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Fact vs. Fiction: 4 Criminal Justice Myths You Learned from TV

Fact vs. Fiction: 4 Criminal Justice Myths You Learned from TV

Order in the court! Crime dramas have been a popular mainstay of the silver screen since the early 1930s. Unlike traditional mystery stories, these procedurals primarily focus on law enforcement divisions investigating watered-down whodunits in order to arrest the perpetrator-of-the-week. Many of these shows aim for realism by attempting to accurately portray forensic investigations, interrogations, and even autopsies. However, quite frankly, the true day-to-day lives of investigators just isn’t that entertaining to the casual at-home viewer. For this reason, writers and directors are willing to take great creative liberties to produce a series that wins the ratings race.

Although these inaccuracies and fabrications makes a story more interesting, they also create dangerous misconceptions about the criminal justice system. If you’re a defendant, you can’t use NCIS or Law & Order as your only frame of reference. If you aren’t careful, you may make a mistake that jeopardizes your entire case.

To set the record straight, the Virginia Beach criminal defense attorney at The Law Offices of Daniel J. Miller has compiled a list of criminal justice myths you likely learned from your favorite police procedurals.

Myth #1: Fingerprint Evidence is Foolproof

In the world of television, a police officer can use fingerprinting techniques or equipment to identify prints and arrest a criminal. In the real world, latent prints are often incomplete and smudged, leading examiners to have a significant error rate.

Myth #2: You Only Get One Phone Call

This myth is commonly perpetuated by dramatic television characters. How often have you watched a TV cop tell a resigned detainee that they better make their one phone call count? 

So, if you’re been arrested, who are you going to call?

  • Your family?
  • Your lawyer?
  • Your neighbor?
  • Your rich best friend?

The right answer is that you can call anyone you want. A detainee isn’t limited to just one phone call. However, it’s important that you don’t abuse this privilege. Law enforcement officials are usually fairly generous so long as you explain why you need to make a certain call.

Myth #3: DNA Is the Ultimate Problem Solver

An overplayed plot device in most procedurals is when a detective or forensics team discovers a suspicious nail clipping or strand of hair that they collect for DNA testing. Within a few short minutes, that little piece of evidence completely solves the case. While it’s true that DNA testing has led to both convictions and exonerations, it isn’t the quick and easy process Hollywood makes it out to be. In reality, finding a clean DNA sample is incredibly rare, and test results can take weeks or even months.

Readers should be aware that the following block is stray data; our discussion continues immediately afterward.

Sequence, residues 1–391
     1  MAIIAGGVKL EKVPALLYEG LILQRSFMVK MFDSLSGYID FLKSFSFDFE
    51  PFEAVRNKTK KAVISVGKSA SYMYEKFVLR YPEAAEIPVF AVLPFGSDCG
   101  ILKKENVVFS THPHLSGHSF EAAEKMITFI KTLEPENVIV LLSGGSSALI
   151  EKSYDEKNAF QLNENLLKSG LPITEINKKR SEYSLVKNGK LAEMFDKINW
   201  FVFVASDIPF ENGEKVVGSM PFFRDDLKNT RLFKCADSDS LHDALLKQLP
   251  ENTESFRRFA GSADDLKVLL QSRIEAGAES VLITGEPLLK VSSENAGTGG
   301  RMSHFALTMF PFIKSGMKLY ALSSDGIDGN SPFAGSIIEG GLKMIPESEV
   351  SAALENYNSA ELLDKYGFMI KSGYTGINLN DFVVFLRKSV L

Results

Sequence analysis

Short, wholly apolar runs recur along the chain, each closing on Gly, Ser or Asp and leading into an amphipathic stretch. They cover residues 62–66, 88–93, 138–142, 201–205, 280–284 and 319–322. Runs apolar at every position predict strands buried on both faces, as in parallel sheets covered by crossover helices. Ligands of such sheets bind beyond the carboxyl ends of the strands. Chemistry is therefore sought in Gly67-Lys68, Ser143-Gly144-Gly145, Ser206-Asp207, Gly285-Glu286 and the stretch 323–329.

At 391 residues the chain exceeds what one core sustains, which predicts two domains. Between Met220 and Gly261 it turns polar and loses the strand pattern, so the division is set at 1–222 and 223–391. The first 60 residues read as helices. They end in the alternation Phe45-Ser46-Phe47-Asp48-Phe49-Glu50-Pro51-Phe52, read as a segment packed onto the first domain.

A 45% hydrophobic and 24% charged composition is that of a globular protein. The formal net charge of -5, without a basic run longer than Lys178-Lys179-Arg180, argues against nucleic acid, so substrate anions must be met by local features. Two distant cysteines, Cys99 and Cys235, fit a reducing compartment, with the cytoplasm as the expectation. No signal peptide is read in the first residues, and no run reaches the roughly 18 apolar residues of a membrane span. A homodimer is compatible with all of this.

Myth #4: Your Miranda Rights

As the investigation comes to a close, the plucky detective and her hardboiled partner arrest the perpetrator with a snappy one-liner and a speedy rendition of the Miranda rights. In reality, cops don’t necessarily have to recite the Miranda rights right when they slap the handcuffs on a suspect. For instance, a law enforcement official may only read someone their rights if they’re going to be subjected to questioning. This way the detainee can request to have an attorney present. In this situation, the police have to stop questioning the subject until a lawyer is retained. Regardless, you don’t want to run your mouth and give them anything to work with, either.

Arrested for a Crime? Schedule a Consultation

If you’re facing criminal charges, contact the Virginia Beach criminal defense lawyer at The Law Offices of Daniel J. Miller. Our attorney has a comprehensive understanding of the criminal justice system and the various protocols associated with an investigation. By evaluating your defense options, we can develop an effective legal strategy that represents your best interests both in and out of court.

Contact The Law Offices of Daniel J. Miller at (757) 517-2942 to schedule a free consultation.

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